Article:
The report also describes how in the immediate weeks after Nargis, the SPDC pushed ahead with a constitutional referendum with rigged results at the expense of efforts by ordinary Burmese to assist survivors. In the face of the government's callous response, Burmese civil society groups and individuals raised money, collected supplies, and traveled to the badly affected parts of the Irrawaddy Delta to help survivors in shattered villages.
In the ensuing months, the SPDC arrested scores of Burmese activists and journalists who publicly spoke out about the government's poor response to Nargis. More than 20 people active in cyclone relief remain in prison today, including Burma's famous comedian, Zargana, who received a 35-year sentence. Human Rights Watch continues its campaign, 2100 in 2010: Free Burma's Political Prisoners calling for the immediate release of these prisoners and other political prisoners.
"The response of Burmese civil society to Nargis has been inspirational, but it is a disgrace that outspoken relief workers are imprisoned with harsh sentences," Pearson said. "Ahead of the 2010 elections, the international community needs to speak with one voice about the need for Burma's leaders to release Zargana, other aid workers, and the more than 2,100 political prisoners in the country."
Selected accounts from cyclone survivors and Burmese and international aid workers interviewed for the report:
"Nargis was the worst experience of my life. The last thing I remember is the lightning coming together with a strong wind and later a giant wave covered my daughter and me while we were running to the monastery. Then we were separated. I was washed away by the wave and became unconscious. When I came around, there were no clothes on my body and I could not walk as I had no strength. Beside me there was a dead body. I was lying like that for two days I think. I tried very hard to look for my daughter. Later people with a boat rescued me. There was no warning about the storm."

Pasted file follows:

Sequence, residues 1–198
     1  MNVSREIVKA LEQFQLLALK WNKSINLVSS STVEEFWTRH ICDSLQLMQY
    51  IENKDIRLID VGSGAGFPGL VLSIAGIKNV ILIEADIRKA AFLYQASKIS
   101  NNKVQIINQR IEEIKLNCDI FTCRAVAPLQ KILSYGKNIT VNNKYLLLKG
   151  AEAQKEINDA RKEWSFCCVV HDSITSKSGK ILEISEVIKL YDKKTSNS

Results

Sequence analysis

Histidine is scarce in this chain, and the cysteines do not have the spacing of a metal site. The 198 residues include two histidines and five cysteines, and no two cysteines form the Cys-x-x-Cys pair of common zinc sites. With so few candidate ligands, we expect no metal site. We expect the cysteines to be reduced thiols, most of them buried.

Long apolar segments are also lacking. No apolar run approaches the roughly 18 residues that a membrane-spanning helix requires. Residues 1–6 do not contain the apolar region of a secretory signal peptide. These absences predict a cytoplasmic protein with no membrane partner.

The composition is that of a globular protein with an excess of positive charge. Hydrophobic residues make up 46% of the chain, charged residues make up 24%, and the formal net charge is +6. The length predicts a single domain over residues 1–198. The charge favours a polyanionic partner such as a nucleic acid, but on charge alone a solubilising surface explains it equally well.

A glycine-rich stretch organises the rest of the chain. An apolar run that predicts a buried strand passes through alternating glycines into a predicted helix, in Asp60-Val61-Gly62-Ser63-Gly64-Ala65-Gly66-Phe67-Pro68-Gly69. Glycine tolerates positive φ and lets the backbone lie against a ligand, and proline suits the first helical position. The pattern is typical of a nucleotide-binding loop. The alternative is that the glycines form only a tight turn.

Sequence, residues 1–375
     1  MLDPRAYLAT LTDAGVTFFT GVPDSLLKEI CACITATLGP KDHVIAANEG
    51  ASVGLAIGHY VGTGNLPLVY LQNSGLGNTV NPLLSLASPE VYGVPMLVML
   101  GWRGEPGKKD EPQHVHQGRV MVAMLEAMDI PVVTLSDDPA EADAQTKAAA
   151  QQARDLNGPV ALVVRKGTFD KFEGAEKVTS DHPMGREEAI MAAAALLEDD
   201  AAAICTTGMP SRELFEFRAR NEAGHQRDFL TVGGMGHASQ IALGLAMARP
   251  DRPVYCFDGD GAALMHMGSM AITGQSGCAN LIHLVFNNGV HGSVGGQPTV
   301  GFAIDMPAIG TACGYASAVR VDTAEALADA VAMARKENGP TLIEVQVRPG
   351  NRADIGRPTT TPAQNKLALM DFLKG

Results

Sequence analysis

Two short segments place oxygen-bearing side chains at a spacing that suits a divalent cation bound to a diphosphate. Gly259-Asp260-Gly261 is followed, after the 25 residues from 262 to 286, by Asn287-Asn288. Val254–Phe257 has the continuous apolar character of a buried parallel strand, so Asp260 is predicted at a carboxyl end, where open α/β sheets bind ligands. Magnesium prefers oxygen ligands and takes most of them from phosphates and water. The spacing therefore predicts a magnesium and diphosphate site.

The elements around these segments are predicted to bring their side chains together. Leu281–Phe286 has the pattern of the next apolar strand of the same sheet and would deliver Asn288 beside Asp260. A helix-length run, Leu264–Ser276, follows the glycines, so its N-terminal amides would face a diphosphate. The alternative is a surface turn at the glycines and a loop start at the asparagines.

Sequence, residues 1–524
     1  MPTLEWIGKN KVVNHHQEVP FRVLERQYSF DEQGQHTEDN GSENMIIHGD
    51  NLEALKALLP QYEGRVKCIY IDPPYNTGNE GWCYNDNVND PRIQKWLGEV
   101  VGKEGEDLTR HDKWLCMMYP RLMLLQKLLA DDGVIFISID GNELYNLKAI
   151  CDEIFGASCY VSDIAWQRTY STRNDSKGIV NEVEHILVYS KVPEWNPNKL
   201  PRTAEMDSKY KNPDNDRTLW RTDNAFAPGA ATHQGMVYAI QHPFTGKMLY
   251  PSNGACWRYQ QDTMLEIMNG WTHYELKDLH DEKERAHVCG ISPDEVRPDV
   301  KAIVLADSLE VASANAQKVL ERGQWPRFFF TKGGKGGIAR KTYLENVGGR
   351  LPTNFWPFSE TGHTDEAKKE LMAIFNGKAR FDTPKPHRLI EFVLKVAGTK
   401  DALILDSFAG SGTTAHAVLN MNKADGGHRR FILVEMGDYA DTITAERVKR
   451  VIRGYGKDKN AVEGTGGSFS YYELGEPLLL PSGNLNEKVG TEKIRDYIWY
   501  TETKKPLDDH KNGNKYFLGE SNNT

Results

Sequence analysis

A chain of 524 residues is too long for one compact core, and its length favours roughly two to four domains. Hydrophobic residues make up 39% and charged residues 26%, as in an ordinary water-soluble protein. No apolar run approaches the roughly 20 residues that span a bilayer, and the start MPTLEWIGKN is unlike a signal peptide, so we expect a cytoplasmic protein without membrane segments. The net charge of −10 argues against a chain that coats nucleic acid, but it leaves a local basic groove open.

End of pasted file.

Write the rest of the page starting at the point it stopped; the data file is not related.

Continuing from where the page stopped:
- "May Khin," a 45-year-old woman survivor of Cyclone Nargis from Laputta township
"When Cyclone Nargis struck, there was no authority visible even in Rangoon, because there was so much damage, and it was clear that the authorities couldn't meet the needs of the people so they decided to stay away. This was alarming to the public - suddenly we found no soldiers and no local authorities on the street. People had to rely solely on themselves, but we had never found ourselves in such a situation."
-"Myo Nyunt," a Burmese community aid worker interviewed by Human Rights Watch in Rangoon, March 2010.
"I want to save my own people. That's why we go with any donations we can get. But the government doesn't like our work. It is not interested in helping people. It just wants to tell the world and the rest of the country that everything is under control and that it has already saved its people."
- Comedian and community aid worker Zargana, interviewed by Burmese exiled media days before his arrest in Rangoon on June 4.
"I have no idea what the constitution is. But we did vote after Nargis. We were told just to cast ‘Yes' vote. I don't know how the result came out. At the time, people were struggling hard to survive. We just did what we were told."
- "Ma Mei Mei," a young woman from Dedaye township describing the constitutional referendum three weeks after Cyclone Nargis.
"The experience in the delta hasn't made any difference to access to the rest of the country at all. But the experience of Nargis has changed the relationship between the aid groups and some individuals in the government and has developed trust. But we're just not sure how high up. This hasn't improved access to other parts of the country in our experience."
- Head of major international aid agency based in Rangoon, Human Rights Watch interview, Rangoon, March 2010.
To read “‘I Want to Help My Own People’: State Control and Civil Society in Burma after Cyclone Nargis,” please visit: http://www.hrw.org/node/89954
To read Human Rights Watch's 2008 letter to donors on reconstruction after Cyclone Nargis, please visit:
To read Human Rights Watch World Report 2010 chapter on Burma please visit: